After several years of production, design and location shooting, Walt Disney released his first Hollywood produced live-action motion picture in 1954. If the advertising was to be believed, it was in fact the mightiest motion picture of them all. Considering that the film was 20,000 Leagues Under the Sea, this is a credible claim.
20,000 Leagues Under the Sea, starring James Mason as Nemo and Kirk Douglas as Ned Land alongside Peter Lorre as Conseil and Paul Lukas as Prof. Arronax, is perhaps the single most important modern film in the genre of Scientific Romance. 20,000 Leagues came to the silver screen in a post-Hiroshima, pre-Sputnik era when Atomic Age Science Fiction was the darling of young and old imaginations alike (not to mention drive-in theatre patrons). Between voyaging to forbidden planets and fighting off prehistoric monsters, filmmakers turned their attention back to the Scientific Romances of H.G. Wells and Jules Verne. The first of these was George Pal's War of the Worlds (1953), which updated Wells' tale by placing it squarely in the modern day.
Following Treasure Island and a series of three Mediaeval historical dramas shot in England with money tied up during the Second World War, Disney sought another live-action project for production in his studios in Burbank. In doing so, he revived his childhood love for Jules Verne. His concerns, in making the film, were very much the stuff of adulthood, however.
For one, he was looking to prove that Science Fiction was a credible genre deserving of serious and lavish treatment, in much the same way that Disney had treated animation before then and amusement parks with the impending opening of Disneyland in 1955. In a time when "serious" epics were swords-and-sandals pictures about ancient Rome or Palestine, Spartacus himself was shanghaied onto the Nautilus.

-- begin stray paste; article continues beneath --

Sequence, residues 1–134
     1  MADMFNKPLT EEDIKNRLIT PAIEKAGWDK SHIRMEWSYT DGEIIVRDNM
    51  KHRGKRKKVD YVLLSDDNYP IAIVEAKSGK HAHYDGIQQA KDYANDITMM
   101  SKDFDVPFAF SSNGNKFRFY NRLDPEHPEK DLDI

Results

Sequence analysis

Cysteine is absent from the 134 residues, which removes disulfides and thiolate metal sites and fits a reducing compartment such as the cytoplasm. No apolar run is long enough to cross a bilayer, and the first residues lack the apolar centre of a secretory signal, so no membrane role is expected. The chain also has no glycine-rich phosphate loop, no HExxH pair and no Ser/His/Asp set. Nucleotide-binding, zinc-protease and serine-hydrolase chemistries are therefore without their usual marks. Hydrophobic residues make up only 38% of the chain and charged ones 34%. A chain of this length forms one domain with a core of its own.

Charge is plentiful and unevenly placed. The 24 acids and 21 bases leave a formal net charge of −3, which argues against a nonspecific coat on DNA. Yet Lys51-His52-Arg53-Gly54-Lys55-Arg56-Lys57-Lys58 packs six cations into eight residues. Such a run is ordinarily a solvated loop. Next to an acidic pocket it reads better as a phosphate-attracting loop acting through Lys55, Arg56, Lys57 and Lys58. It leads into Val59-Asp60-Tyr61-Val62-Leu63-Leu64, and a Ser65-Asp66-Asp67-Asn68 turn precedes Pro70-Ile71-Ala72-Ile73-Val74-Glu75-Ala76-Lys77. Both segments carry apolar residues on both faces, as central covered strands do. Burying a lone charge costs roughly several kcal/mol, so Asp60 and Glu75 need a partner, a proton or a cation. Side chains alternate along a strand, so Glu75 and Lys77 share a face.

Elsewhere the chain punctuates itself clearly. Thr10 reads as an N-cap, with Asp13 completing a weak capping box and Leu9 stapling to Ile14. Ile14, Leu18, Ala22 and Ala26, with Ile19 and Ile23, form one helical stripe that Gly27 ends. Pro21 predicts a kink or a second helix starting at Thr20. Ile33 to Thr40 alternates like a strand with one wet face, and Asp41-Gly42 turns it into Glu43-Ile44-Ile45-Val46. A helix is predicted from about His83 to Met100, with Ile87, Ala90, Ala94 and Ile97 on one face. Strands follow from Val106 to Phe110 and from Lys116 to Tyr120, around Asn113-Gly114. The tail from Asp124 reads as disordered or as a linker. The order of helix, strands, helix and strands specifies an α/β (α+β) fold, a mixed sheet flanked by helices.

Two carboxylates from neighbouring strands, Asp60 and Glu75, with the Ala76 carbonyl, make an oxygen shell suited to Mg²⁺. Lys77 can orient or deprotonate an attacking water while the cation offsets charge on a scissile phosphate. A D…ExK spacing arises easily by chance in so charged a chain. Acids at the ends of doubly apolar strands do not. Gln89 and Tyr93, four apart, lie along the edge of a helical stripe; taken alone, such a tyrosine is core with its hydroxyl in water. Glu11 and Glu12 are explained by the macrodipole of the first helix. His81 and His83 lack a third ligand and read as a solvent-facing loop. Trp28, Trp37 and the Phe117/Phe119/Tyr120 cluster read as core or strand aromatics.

Unlike War of the Worlds, the pivotal choice was made to retain the original 19th century setting of the novel. Not only that, but ostensibly futuristic motifs in Verne's original were downplayed, giving art director Harper Goff the maneuvering room to go from the novel's sleek, silver, streamlined submersible to the massive, iron-plated, iconic design seen in the film. This move would set the gold standard by which all subsequent design in the genre would be judged.
Being a financial and critical success, 20,000 Leagues inspired a sudden wave of Scientific Romance adaptations to the silver screen. James Mason himself would appear in another Verne adaptation in Journey to the Center of the Earth (1959). Other films, none of them being Disney but all owing to Disney's gamble, include The Time Machine (1960), the Oscar winning Around the World in 80 Days (1956), Karel Zeman's astonishing Fabulous Worlds of Jules Verne (1958), Vincent Price's Master of the World (1961), The First Men in the Moon (1964) and 1961's The Mysterious Island (both of which enjoyed stop-motion effects by Ray Harryhausen), and Five Weeks in a Balloon (1962). It also put Disney on some more stable financial footing that enabled them to produce comparable films like Swiss Family Robinson (1960) and In Search of the Castaways (1962).
While amping up the Victorian aesthetics at the expense of the novel's futuristic designs, 20,000 Leagues also downplayed the novel's very Victorian sensibilities in favour of two concurrent plot lines that would be of greater interest to audiences of the Fifties. As one of Verne's famous Voyages Extraordinaires, the main thrust of 20,000 Leagues is simply a tour of the ocean's wonders, as guided by Nemo. Secondary to this is a subplot revealing Nemo as a political dissident using his invention to wage war on global imperialism. This subplot was itself more of a device to get Prof. Arronax and company onto the Nautilus to begin with.
While travelogues make for good documentaries - and Disney was already innovating those with his True-Life Adventures series - they make less than stellar material for big screen action epics. The Voyage Extraordinaires was made substantially less extraordinary in favour of emphasizing a "prison break" drama and a cautionary tale about atomic power. On the one hand, the "prison break" storyline added some much-needed narrative structure that allowed for a degree of extraordinary voyages through the undersea farms and shipwrecks of the Bahamas. Unfortunately, this emphasis also left out many of the book's most striking scenes, such as the Nautilus descending upon Atlantis or getting trapped in the crystalline shards of Antarctica's icebergs. Curiously, these dropped sequences resurfaced in Walt Disney World's 20,000 Leagues Under the Sea submarine ride.